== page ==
What’s it all about then?
As a cake decorator you’ll spend your time creating great designs on cakes, normally for birthdays and weddings, or other special events.
You could be responsible for the whole process of baking the cake from scratch and decorating it; or you might simply be employed to decorate someone else’s product.
You could work for yourself, or be employed by either a large or small bakery
It’s your job to make cakes that are not only delicious but also look great!
What might I be doing?
The work can vary depending on where you work, as you could be employed by a large business, small independent bakery, or even self-employed.
However, you’ll likely be doing most of the following:
- Discussing design ideas with customers
- Creating designs and modifying in line with customer requirements
- Setting up equipment and working independently
- Baking cakes to order and assembling these if necessary
- Adding decorations, chocolate and icing to cakes
- Writing messages on cakes using icing
- Making up icing, fondant, chocolate etc.
- Using a variety of different tools to create your designs
- Cleaning and storing equipment when you’ve finished the job
- Checking stock levels and buying ingredients
- Providing an excellent customer experience every time
- Promoting the business and selling finished product
- Using time management skills to meet deadlines
What will be expected of me?
If you want to become a cake decorator, you’ll need an artistic eye and creative flair, so you can create unique designs for each customer, then follow through on these with a fantastic product.
You’ll have to have a steady hand, a keen eye, and attention to detail as your work will have to be uniform in shape, colour etc.
Because you’ll be using a variety of tools including airbrushes, some mechanical ability is expected as well, so that you can set up and then strip down equipment after use.
Stamina is important because could be on your feet for much of the time, possibly working in a cool room, to keep the icing from melting.
And don’t forget that numeracy is vital for the cake decorator, so you can measure out ingredients accurately, or work out designs using mathematical techniques.
Finally, good colour vision is critical!
What can I expect?
You can expect to work to deadlines at times, such as when an urgent order is taken; this could mean long hours at short notice. This is particularly the case if you’re working for yourself.
You can expect to be working independently for periods of time, but time will fly when you’re busy creating your intricate designs!
You can expect to receive all sorts of feedback from your colleagues and customers so don’t be downhearted if the design which you’ve sweated over isn’t to everyone’s taste – be prepared to change if necessary!
Finally, you can expect to be given loads of leeway to bring your creativity and flair to the job of cake decorator.
What about the pay?
This will vary with experience and employers, but you could expect the following:
A trainee cake decorator could earn £12,000 per year, which could rise to £20,000 with experience.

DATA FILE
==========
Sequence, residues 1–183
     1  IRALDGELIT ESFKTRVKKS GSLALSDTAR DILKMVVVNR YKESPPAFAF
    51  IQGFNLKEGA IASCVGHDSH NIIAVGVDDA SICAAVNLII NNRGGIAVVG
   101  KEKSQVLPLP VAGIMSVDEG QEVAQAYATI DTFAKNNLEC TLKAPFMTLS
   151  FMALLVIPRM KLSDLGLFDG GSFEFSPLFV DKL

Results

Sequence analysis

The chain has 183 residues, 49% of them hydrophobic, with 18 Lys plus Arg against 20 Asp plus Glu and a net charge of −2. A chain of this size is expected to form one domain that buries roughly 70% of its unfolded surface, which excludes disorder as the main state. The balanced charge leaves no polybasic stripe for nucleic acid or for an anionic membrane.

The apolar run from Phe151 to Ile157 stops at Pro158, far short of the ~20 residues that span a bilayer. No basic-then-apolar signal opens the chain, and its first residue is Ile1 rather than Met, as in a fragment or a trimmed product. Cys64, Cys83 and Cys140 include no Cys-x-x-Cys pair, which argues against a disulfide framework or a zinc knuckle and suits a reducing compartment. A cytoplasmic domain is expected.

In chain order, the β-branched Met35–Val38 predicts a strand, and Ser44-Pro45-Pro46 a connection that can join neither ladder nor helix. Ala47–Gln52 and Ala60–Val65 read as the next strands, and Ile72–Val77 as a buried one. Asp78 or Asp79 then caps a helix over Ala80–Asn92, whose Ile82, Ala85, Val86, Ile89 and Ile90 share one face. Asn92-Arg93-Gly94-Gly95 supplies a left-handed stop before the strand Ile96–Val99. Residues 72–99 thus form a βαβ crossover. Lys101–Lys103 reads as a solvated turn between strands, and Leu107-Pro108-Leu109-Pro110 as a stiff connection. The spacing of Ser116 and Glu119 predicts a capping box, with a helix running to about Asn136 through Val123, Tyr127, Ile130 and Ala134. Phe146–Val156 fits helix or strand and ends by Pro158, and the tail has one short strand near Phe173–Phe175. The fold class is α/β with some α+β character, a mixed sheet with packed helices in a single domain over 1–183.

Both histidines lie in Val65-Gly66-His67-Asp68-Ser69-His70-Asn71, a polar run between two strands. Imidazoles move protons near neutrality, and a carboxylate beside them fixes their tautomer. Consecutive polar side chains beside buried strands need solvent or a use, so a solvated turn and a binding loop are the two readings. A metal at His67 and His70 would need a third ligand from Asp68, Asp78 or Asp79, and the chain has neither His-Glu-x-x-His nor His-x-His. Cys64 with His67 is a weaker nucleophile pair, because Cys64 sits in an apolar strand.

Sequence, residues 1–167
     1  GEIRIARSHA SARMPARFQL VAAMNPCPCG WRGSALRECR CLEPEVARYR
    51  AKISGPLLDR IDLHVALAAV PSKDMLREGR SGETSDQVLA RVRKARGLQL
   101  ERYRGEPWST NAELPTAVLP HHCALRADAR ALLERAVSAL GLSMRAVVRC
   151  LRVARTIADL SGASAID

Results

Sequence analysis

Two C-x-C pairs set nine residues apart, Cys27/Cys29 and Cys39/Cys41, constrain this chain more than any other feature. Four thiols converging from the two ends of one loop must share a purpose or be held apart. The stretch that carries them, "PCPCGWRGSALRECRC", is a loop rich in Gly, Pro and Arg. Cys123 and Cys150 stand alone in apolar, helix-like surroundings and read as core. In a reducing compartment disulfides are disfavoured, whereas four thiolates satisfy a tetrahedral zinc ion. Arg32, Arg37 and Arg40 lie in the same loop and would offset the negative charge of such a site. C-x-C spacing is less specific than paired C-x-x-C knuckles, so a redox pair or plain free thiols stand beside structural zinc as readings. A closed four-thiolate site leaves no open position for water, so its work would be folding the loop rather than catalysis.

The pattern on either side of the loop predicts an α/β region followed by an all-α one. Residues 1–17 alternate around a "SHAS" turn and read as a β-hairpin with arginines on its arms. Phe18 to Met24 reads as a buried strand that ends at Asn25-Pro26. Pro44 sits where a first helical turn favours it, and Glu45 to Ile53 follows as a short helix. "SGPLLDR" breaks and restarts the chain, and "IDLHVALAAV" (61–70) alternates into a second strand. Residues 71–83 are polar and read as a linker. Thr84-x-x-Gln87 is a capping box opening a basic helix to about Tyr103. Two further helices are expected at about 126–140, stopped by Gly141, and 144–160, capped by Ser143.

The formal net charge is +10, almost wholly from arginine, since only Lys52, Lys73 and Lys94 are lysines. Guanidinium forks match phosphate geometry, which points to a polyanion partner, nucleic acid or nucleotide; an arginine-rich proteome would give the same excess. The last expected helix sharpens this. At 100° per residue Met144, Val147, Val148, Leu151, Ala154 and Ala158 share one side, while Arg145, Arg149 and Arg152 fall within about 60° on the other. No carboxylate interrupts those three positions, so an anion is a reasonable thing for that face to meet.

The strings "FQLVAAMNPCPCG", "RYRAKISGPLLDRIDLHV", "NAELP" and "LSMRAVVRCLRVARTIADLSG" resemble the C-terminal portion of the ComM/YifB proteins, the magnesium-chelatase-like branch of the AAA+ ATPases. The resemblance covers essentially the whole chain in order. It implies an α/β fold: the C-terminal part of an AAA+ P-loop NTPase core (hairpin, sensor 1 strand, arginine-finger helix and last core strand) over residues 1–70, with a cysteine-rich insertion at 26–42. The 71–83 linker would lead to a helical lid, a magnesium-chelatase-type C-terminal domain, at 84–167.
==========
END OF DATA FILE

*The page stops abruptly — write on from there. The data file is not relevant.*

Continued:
Highly experienced cake decorators could earn up to £25,000 per year
If you’re self-employed, then you could charge anywhere from £8 to £14 per hour; your earnings will vary with the amount of work you do.
Remember that these salary figures are for your guidance only.
What qualifications do I need to get in?
There are no set requirements, but you’ll usually need experience in baking, pastry or cake decorating. Also, employers may ask for evidence of your ability in various cake decorating techniques so make sure you take photos of all your best work – these can then be added to a portfolio that you can use to sell your expertise.
You could also consider taking further education courses in patisserie or confectionery, for instance:
City and Guilds Level 2/3 Certificate in General Patisserie and Confectionery
You might also consider going straight into work with a bakery apprenticeship.
Remember that your GCSEs are important, particularly Maths and English at A* to C
Where would I get these qualifications?
Many of these qualifications are available in local Further Education colleges and you should check out the one nearest you and see if they have something that suits.
You could also check the website of the National Skills Academy for Food & Drink for information on bakery qualifications.
What about further training?
There are loads of qualifications you could consider, all of which are aimed at making you an expert at your craft.
You might also consider membership of the British Sugarcraft Guild, a non-profit organisation which promotes all things cake decorating and sugarcraft; their aims include the sharing of knowledge, developing talent and improving standards, all of which should interest a cake decorator.
Anything else I might need to know?
Yes, many cake decorators start out by making and decorating cakes for their friends and family as a hobby, so you could gain some experience and feedback before committing to a career.
With experience and talent, you could open your own business or even teach cake design and decoration.